The three OVA episodes are here in 1080i 1.33 X 1 digital High Definition image transfers because though they are newer and have some color advantages, they do not totally outdo the original show and the reason the definition is in a lesser, interlaced form is because the show and many of its visual effects were finished on old analog video, so this is the best they will ever look either.

As for sound, both the original Japanese and new 2005-recorded English dub tracks are presented in DTS-HD MA (Master Audio) 2.0 Mono lossless mixes, but the new English track are on the harsh side and sound design is overdone, making them become tired very quickly. The Japanese tracks are lighter in comparison showing their age, but they sound better, more balanced, more natural and mixing and editing is better integrated, making the while narrative stronger and showing off this show at its best. DTS-HD MA (Master Audio) 2.0 Stereo lossless mixes appear on the OVA episodes, but have some of the same kind of sonic and artistic differences. Lossy Dolby Digital 2.0 sound appears on many of the supplements and is simple stereo at best.

Extras include audio commentary tracks on 19 episodes in the set, while the last Blu-ray, #14 in this set, adds standard definition extras that apparently appeared on previous DVD editions including a nearly 36 minutes piece explaining the series entitled What is Gatchaman?, tiny text bit about shows on TV at the time of this show's original debut, tiny texts Character Profiles, several great section of sketches for the characters, their gadgets, vehicles (in and out of costume), a few older compilations of the team in action, nearly 19 minutes of the all home releases of the show beginning with 8mm film to a $1,200 LaserDisc box set to its DVD debut that is terrific, Music releases (songs, albums, record & book combos) issued on the show all over the world in convenient subsections, Publishing Gallery sections showing books issued on the original show's Japanese release, then a ton (again split into subsections for each country) when it became Battle Of The Planets, Gatchaman At Play has various games (more than you might imagine) based on the show, artist Alex Ross interviewed as he sees the original episodes uncut for the first time ever then talk about how he loves the show, English-Language Voice Actor Interviews in subsections, their separate audition footage, their dubbed episodes being screened at Austin, Texas Alamo Draft House, (as in without text credits) Clean Opening & Closing Animation sequences (access-separated), a set of Unused Ending Sequences and nice TV ad for the Gatchaman ModelLock toy that you can snap together into their spaceship or take apart in any way you want. Shows like Speed Racer, Astro Boy, Gigantor and Marine Boy deserve the same treatment when they arrive on Blu-ray in the U.S. and worldwide.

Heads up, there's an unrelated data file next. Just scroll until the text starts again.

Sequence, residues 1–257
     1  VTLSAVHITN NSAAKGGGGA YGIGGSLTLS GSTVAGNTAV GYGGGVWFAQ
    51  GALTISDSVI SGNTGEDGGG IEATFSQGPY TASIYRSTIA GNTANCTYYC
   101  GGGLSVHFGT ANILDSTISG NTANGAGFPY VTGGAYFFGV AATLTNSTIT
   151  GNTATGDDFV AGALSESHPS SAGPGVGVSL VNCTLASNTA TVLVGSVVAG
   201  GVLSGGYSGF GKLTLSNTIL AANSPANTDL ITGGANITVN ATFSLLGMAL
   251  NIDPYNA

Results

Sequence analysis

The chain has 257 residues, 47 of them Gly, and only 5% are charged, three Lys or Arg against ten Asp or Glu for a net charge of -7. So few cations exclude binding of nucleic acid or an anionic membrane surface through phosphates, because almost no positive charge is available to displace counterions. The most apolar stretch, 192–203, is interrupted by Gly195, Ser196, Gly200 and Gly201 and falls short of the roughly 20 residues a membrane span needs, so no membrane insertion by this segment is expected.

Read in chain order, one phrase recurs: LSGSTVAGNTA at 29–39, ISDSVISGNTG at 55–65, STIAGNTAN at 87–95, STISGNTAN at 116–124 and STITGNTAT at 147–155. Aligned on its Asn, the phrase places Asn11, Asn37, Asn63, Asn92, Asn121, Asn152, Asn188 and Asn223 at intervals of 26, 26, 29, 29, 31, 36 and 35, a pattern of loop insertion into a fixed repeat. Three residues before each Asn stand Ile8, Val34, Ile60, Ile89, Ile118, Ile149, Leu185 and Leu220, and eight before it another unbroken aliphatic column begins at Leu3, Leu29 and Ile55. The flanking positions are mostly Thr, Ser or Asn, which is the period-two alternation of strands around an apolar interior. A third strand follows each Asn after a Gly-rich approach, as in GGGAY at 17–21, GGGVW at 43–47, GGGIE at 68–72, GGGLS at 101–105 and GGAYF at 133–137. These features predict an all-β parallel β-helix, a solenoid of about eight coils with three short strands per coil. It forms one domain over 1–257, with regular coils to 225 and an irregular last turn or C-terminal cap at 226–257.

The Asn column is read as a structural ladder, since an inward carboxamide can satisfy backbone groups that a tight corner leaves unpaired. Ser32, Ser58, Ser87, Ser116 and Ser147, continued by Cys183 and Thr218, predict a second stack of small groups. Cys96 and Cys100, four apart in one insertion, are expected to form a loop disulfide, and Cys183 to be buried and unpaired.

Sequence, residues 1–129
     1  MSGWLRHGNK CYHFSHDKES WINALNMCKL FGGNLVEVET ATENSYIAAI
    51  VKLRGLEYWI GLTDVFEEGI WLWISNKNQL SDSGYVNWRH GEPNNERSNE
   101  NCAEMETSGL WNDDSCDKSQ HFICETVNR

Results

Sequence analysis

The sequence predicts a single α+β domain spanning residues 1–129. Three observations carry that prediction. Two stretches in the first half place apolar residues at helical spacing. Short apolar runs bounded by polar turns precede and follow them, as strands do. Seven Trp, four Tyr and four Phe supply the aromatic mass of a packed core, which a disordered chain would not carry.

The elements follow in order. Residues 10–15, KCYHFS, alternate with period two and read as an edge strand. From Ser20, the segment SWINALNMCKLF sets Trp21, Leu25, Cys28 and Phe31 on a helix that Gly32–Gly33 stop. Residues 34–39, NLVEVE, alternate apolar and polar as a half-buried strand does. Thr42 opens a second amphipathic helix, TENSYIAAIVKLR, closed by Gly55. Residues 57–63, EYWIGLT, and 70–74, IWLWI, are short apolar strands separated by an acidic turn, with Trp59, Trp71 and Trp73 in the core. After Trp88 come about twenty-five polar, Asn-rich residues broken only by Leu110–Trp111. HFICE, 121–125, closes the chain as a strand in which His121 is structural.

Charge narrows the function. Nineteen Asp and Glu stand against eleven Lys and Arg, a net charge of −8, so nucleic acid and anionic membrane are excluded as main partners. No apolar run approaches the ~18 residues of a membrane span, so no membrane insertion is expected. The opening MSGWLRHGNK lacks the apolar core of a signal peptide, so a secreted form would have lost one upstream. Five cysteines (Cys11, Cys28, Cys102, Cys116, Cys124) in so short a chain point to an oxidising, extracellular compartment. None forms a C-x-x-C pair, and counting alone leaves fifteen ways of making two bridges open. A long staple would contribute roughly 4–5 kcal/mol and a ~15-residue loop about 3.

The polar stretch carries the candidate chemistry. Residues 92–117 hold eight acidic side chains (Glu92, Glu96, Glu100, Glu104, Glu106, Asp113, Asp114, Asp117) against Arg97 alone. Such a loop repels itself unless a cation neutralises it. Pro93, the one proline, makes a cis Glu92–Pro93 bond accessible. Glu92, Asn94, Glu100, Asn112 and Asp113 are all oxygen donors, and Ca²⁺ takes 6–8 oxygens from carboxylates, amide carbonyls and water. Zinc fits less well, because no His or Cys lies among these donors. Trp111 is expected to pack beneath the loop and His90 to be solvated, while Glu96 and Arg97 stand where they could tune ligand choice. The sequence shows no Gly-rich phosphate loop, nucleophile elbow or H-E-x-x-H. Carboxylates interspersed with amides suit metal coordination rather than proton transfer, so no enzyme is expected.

The only toy they missed and am surprised they did being so incredibly thorough here are the fully posable 8-inch action figures made in Japan by the Popy Toy Company of Ken Owashi. They were the company that produced the Japanese equivalent of the landmark Mego Action Figures in the U.S., though the figure was slightly different in the way it was made despite having the same size, cloth clothes and accessories. Mego skipped licensing this show, Ultraman Leo (a sequel series to the classic reviewed on this site) and the original 1973 Casshan animated series (which Sentai has also issued on Blu-ray and we hope to review next) for action figures that Popy made in Japan. You can see some of the action figure line on this interactive page:


And you can see Ken at the end of this Popy Casshan page (the Casshan figure is extremely rare) with Ultraman Leo at this link:


This Gatchaman Blu-ray set is terrific and a must have for any serious action and animation fan.

- Nicholas Sheffo